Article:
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  • richardmitnick 2:46 pm on October 10, 2014 Permalink | Reply
    Tags: , , , , NASA MARS MAVEN   

    From NASA Science: “First Light for MAVEN” 

    NASA Science Science News

    Oct 10, 2014
    Author: Dr. Tony Phillips | Production editor: Dr. Tony Phillips | Credit: Science@NASA

    After 10-month voyage across more than 400 million miles of empty space, NASA’s MAVEN spacecraft reached Mars on Sept. 21st 2014. Less than 8 hours later, the data started to flow.

    splash

    NASA Mars MAVEN
    NASA MAVEN

    “Our Imaging Ultraviolet Spectrograph (IUVS) obtained these false-color images of Mars on Sept. 22nd,” says Nick Schneider who leads the instrument team at the University of Colorado. “They trace the distribution of hydrogen and oxygen in the Martian atmosphere.”

    MAVEN is on a mission to investigate a planetary mystery. Billions of years ago, Mars was blanketed by an atmosphere massive enough to warm the planet and allow liquid water to flow on its surface. Life could have thrived in such an environment. Today, however, only a tiny fraction of that ancient air remains, leaving Mars a desiccated wasteland.

    What happened to the atmosphere of Mars? MAVEN will attempt to answer the question by studying the upper atmosphere, where gaseous material could be lost to space.

    Schneider explains what the IUVS saw in its first look: “The oxygen gas is held close to the planet by Mars’ gravity, while lighter hydrogen gas expands to higher altitudes and extends past the edges of the image. These gases come from the breakdown of water and carbon dioxide in Mars’ atmosphere.”

    Among researchers, a popular candidate for atmospheric loss is space weather: Eons of solar storms and the relentless buffeting of solar wind might have stripped away much of the Martian atmosphere.

    A CME, or coronal mass ejection, is a billion-ton cloud of ionized gas blasted away from the sun in the aftermath of a solar flare. When CMEs hit Earth, they rattle our planet’s magnetic field, causing Northern Lights and, in extreme cases, power blackouts.

    Unlike Earth, Mars has no global magnetic field to protect it. For the most part, the Martian atmosphere is unshielded. That’s why gusts of solar wind and CME strikes could strip material away.

    “MAVEN’s primary science goal is to see how the atmosphere responds to solar forcing,” says Bruce Jakosky, the Principal Investigator for MAVEN. “So on the one hand, a CME might strip the outermost layers of the atmosphere. On the other, it might also energize the atmosphere below and repopulate the extended atmosphere with a lot of new material.”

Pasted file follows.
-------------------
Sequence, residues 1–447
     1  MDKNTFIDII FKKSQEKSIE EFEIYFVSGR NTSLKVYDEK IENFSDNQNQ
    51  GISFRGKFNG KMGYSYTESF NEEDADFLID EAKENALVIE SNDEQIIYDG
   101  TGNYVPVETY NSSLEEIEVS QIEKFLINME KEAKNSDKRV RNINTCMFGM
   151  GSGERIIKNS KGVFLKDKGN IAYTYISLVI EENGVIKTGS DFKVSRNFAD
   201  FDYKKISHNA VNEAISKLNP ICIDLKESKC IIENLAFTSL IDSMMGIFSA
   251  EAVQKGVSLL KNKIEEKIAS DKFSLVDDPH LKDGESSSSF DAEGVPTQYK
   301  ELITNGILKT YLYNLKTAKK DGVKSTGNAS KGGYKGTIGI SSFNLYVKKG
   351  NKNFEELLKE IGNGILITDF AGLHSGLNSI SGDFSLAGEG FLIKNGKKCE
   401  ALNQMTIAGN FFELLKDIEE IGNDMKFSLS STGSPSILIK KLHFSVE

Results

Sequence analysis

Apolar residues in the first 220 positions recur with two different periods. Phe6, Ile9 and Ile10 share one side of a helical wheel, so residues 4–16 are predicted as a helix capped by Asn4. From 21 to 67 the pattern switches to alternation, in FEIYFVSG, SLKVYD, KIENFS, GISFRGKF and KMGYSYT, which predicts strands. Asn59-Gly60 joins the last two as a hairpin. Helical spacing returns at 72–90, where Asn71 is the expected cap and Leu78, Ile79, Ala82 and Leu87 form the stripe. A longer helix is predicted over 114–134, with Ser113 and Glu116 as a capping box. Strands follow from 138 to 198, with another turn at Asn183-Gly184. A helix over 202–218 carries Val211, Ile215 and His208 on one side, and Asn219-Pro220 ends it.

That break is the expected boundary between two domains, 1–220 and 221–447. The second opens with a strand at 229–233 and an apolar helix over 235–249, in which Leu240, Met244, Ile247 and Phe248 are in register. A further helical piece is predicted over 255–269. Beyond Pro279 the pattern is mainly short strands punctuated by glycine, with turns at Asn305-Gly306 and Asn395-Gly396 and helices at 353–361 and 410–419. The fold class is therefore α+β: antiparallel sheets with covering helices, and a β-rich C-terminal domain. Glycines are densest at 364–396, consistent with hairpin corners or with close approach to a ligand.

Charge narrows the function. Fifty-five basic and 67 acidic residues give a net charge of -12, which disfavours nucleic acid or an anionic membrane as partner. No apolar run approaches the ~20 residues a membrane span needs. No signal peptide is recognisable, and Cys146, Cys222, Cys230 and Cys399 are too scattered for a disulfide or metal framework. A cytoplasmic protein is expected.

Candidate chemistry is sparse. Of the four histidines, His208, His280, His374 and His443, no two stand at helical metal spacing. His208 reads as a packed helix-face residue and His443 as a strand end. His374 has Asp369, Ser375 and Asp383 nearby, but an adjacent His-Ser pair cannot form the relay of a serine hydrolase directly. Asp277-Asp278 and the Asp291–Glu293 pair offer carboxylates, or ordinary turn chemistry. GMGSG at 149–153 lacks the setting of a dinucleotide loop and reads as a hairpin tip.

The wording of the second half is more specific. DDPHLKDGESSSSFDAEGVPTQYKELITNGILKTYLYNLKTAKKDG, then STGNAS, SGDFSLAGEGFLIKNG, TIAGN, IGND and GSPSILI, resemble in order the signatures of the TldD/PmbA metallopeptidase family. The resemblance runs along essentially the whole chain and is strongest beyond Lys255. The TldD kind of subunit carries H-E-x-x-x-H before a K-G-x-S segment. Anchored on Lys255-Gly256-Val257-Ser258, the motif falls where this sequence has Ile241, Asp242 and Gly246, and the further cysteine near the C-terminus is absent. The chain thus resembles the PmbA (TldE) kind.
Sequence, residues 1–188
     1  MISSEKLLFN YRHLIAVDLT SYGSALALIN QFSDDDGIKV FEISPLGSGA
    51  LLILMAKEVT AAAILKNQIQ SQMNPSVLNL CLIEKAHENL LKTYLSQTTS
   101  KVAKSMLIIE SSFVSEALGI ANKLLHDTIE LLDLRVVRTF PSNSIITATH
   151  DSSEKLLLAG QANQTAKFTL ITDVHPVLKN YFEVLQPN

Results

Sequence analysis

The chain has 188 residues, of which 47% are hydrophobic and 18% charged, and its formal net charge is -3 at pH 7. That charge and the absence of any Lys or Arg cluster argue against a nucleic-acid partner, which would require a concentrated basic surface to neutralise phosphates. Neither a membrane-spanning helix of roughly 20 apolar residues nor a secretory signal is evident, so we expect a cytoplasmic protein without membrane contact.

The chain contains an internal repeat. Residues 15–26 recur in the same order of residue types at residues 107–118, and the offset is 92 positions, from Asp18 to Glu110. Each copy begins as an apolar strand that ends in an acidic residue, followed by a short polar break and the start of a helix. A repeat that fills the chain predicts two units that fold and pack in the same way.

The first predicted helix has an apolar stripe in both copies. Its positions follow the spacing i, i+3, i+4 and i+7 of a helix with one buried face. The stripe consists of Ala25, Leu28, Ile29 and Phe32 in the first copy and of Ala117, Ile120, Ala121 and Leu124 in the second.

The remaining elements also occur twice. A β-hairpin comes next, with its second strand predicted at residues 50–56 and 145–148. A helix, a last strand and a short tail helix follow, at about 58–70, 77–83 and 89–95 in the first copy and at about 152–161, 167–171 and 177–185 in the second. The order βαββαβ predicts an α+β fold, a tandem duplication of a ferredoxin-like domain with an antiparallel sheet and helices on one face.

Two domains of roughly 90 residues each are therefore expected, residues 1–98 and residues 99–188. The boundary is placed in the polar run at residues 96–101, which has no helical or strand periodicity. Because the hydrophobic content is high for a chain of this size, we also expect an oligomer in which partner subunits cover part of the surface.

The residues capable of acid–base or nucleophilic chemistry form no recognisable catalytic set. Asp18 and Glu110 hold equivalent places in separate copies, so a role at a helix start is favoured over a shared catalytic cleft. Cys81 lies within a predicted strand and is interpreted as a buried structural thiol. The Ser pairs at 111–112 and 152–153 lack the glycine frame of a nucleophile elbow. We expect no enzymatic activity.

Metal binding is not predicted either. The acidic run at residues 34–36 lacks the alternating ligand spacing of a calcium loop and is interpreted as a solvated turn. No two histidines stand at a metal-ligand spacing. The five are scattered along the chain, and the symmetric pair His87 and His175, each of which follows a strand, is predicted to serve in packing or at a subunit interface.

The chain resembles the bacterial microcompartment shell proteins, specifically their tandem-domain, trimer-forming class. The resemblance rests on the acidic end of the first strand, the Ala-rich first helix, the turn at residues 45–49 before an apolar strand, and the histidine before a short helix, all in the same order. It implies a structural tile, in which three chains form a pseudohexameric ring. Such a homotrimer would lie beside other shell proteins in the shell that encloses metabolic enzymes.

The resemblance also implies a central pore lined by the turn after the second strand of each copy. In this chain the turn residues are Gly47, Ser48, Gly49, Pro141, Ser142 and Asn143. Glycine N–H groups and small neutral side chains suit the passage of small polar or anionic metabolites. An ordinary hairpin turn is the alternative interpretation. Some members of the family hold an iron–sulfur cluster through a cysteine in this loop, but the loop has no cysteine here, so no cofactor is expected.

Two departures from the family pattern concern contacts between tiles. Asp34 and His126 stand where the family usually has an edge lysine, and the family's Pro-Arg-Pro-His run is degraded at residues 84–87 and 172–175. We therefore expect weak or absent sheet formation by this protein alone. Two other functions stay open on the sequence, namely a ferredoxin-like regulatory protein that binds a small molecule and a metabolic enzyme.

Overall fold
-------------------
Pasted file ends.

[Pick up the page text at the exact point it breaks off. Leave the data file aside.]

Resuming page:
Either way, he says, “we expect to see something.”

    The instrument is also capable of observing Martian auroras. Here on Earth, auroras ring the magnetic poles, north and south. Mars, however, has a different magnetic structure. There is no coherent global magnetic field. Instead, Mars has a patchwork of magnetic umbrellas that sprout out of the surface in hundreds of places all around the planet. If Martian auroras occur, they would appear in the canopies of those umbrellas.

    “We are on the edges of our seats, hoping for our first detection,” says Schneider.

    Having just reached Mars, MAVEN is still in its commissioning phase. Instruments are being checked out, the spacecraft’s orbit is being adjusted. The fact that data are already arriving at Earth is an impressive achievement.

    This is just the beginning. IUVS is only one of three instrument suites on MAVEN. The Neutral Gas and Ion Spectrometer from the Goddard Space Flight Center and the Particles and Fields Package from UC Berkeley will soon be making their own revelations about Mars.

    See the full article here.

    NASA leads the nation on a great journey of discovery, seeking new knowledge and understanding of our planet Earth, our Sun and solar system, and the universe out to its farthest reaches and back to its earliest moments of existence. NASA’s Science Mission Directorate (SMD) and the nation’s science community use space observatories to conduct scientific studies of the Earth from space to visit and return samples from other bodies in the solar system, and to peer out into our Galaxy and beyond. NASA’s science program seeks answers to profound questions that touch us all:

    This is NASA’s science vision: using the vantage point of space to achieve with the science community and our partners a deep scientific understanding of our planet, other planets and solar system bodies, the interplanetary environment, the Sun and its effects on the solar system, and the universe beyond. In so doing, we lay the intellectual foundation for the robotic and human expeditions of the future while meeting today’s needs for scientific information to address national concerns, such as climate change and space weather. At every step we share the journey of scientific exploration with the public and partner with others to substantially improve science, technology, engineering and mathematics (STEM) education nationwide.